While I no longer have the work-related emails and texts to manage since retiring early – which is great! – I realize that I still spend far more time with my phone than I should. On the plus side, I do use more of that time productively than I used to – audiobooks have been really great for me as one example. However, I realized yesterday how far I still need to go. I’ve developed a bunch of bad habits and I need to change them. I previously turned off most app notifications and that’s been great. Facebook is no longer on my home screen so I can’t see the notifications count badge. That’s not enough. I can and should do more!

Walking without my phone yesterday I realized several important and perhaps obvious things. First, left with only my thoughts, my mind wandered lots of places during that hour walk. I didn’t just think about the blog, but also about some potential business ideas. I also thought about next steps with my new YouTube channel, Two Sides of FI. I also must admit that normally I don’t just use my phone to listen to audiobooks during my walk. I’m often receiving text messages while walking, many of which I answer. What a distraction! Couldn’t I just use Do Not Disturb mode? Of course I could. But I’d still be able to pick up the phone and Google something I saw on my walk, or take a photo and maybe even post it online. Maybe I can’t be “trusted” to have a phone during these times? (I can’t – yet.)

My plan of action

I’m going to stop listening to audiobooks during my walk – at least for now. The core issue is that I am still driven to fill empty space with “stuff”, rather than taking time to just think and experience the world around me. I don’t mean to suggest this is some profound realization I’m making for the world here. Many others have come to the same conclusion! But for me this is an important step in dealing with a long-standing issue. I’m so attached to technology given my nature, and I love having ready access to my phone. But I don’t need it at all times.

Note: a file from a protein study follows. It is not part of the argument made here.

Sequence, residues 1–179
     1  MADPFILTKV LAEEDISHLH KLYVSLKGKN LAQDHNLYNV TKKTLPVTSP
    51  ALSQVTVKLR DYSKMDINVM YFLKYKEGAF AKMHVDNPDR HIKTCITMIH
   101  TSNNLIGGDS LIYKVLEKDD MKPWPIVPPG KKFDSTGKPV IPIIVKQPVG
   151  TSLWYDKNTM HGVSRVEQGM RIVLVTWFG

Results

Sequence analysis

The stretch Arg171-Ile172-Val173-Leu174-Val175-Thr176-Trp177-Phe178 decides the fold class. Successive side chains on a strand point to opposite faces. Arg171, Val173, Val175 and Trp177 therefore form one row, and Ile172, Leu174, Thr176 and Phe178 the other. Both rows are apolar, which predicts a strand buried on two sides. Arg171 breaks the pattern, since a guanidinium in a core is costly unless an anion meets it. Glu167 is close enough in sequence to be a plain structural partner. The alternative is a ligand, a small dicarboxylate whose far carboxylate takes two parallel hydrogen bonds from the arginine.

With this behavioral change, it will mean I’ll be delayed in responding to some things and I won’t be the first to share others. I know that will be OK and as a result, I’ll have more “technology downtime” in which I can think about more important things. I’d say “or think about about nothing at all”, but that’s not how my brain works. It’s a noisy place but that’s who I am and I’m comfortable with that. I do think my mind could benefit from a lack of competition with audiobooks, text messages, and apps sometimes. I didn’t think about this topic at all during my “9 Secrets to Success in Retirement” article but I’m realizing these changes may be essential to my own success and well being!

How about you? Have you come to similar realizations and done anything in response? I’m open to suggestions! They would surely be of help to me and others, so please share. Thanks!

image credit: https://www.canadianbusiness.com/kyocera-6035/